An art exhibit in New York City of cell block art made by detainees at Guantánamo is raising questions about ownership of intellectual property.
Who owns the art? The government or the artist?
According to The Miami Herald, the U.S. military has decided that art made by wartime captives at Guantánamo is government property and officials have stopped releases of security-screened prisoner art to the public.
U.S. military officials declined to explain to the Herald what caused the abandonment of the years-long practice of releasing detainee art after inspection by Guantánamo workers schooled in studying material for secret messages.
Ramzi Kassem, a professor at City University of New York School of Law whose legal clinic represents many Guantánamo prisoners, told the Herald that all the artwork that has come out of Guantánamo “so far has gone through rigorous censorship and contraband review.”
This change — which the Herald reported was at the direction of someone not at Guantánamo — comes amid an exhibit at New York’s John Jay College of Criminal Justice featuring paintings and other artworks by current and former captives at Guantánamo.
According to the exhibit’s website, the art show, which is on view through the end of January, “will display some of these evocative works, made by men held without trial, some for nearly 15 years, who paint the sea again and again although they cannot reach it.”
A Pentagon spokesman told the Herald that all Guantánamo detainee art is “property of the U.S. government” and “questions remain on where the money for the sales was going.”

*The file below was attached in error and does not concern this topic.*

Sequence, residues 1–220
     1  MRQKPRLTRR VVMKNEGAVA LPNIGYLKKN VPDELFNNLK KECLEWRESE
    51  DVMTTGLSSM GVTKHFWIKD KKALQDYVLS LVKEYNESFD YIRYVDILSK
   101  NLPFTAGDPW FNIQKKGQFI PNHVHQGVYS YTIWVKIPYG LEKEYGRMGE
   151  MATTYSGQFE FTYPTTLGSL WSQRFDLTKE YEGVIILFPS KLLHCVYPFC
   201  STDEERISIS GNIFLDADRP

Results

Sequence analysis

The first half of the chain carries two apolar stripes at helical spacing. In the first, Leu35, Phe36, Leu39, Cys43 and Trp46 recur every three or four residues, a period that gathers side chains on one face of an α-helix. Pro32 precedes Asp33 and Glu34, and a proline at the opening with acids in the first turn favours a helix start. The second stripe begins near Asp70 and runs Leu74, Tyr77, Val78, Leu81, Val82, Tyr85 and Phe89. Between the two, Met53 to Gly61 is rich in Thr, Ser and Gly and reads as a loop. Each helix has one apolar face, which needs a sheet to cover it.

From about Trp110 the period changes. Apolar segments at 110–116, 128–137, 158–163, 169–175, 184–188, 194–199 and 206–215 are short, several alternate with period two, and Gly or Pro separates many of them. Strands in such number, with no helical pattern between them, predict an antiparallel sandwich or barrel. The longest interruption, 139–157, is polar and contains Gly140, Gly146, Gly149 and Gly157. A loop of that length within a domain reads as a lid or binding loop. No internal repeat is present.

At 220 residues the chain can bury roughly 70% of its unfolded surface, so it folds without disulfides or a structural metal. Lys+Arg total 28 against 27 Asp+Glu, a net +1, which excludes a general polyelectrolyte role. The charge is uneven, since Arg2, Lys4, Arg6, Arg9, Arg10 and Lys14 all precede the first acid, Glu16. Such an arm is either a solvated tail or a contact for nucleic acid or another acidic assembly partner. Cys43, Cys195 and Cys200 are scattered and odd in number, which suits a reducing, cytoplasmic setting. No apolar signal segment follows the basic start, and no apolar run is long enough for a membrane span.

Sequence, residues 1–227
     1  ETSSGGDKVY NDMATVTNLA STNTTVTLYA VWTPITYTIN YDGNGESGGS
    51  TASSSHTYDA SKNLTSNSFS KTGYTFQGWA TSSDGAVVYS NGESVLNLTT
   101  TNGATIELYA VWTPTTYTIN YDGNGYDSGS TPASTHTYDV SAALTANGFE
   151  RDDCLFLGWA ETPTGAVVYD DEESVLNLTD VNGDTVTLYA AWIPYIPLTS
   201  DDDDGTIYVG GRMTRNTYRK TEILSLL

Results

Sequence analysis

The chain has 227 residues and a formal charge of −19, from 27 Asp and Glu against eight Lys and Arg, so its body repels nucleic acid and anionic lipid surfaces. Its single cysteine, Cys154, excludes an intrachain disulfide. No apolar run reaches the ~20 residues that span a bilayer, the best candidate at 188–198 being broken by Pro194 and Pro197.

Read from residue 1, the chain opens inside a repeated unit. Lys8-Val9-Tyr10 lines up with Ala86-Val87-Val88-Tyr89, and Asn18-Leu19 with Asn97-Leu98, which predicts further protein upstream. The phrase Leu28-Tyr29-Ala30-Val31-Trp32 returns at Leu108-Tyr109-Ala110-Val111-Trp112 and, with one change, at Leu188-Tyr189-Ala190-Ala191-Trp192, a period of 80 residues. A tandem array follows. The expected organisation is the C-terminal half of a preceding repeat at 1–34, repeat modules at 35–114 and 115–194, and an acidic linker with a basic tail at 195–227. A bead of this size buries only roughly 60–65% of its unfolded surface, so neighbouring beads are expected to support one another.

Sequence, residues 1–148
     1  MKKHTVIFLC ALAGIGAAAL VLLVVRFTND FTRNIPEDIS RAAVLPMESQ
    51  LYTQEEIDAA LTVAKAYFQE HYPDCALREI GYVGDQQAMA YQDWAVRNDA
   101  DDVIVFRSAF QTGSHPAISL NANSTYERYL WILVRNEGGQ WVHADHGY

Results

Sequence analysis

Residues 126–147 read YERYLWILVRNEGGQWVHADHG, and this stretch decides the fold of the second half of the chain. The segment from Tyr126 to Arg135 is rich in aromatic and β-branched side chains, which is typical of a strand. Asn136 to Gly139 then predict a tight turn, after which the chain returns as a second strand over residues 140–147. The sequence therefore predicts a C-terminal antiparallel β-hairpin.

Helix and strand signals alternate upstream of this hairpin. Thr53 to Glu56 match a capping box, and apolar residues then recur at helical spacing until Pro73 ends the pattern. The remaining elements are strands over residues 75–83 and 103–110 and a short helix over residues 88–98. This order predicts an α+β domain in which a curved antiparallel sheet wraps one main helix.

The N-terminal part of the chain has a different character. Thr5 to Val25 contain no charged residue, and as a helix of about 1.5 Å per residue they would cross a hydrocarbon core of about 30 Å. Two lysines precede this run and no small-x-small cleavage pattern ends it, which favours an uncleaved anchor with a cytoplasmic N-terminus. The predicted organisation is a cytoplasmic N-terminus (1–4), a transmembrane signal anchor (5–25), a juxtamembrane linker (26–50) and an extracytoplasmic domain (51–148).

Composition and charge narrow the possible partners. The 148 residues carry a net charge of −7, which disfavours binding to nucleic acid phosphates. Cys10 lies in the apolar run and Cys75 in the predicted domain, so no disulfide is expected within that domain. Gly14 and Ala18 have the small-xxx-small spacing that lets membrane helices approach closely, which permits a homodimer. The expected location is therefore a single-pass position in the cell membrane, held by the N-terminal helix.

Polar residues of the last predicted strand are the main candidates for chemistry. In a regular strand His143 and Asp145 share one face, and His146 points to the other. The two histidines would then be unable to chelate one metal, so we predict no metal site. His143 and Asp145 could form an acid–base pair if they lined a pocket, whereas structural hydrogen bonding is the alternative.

The spokesman added in a statement: “The appropriate disposition of this property has been clarified with our staff at the detention facility and will be accounted for according to applicable local procedures in the future.”
Attorney Ramzi Kassem told the Herald that one captive was told “art would not be allowed out of the prison.” Now, the Herald said, if a captive gets to leave Guantánamo “their art would not even be allowed out with them and would be incinerated instead.”
Art classes were first offered to the Guantánamo captives in the later years of the Bush administration, as officials explored ways to keep detainees who had spent years in single-cell lockups occupied and preventing them from getting into fights with the guards.
Fox News previously reported that the support for Guantánamo now from the Trump administration represents a complete reversal of eight years of efforts to close it. The Obama administration sent no new detainees there, and though it didn’t fulfill a promise to shut it down, whittled the population from 242 to 41.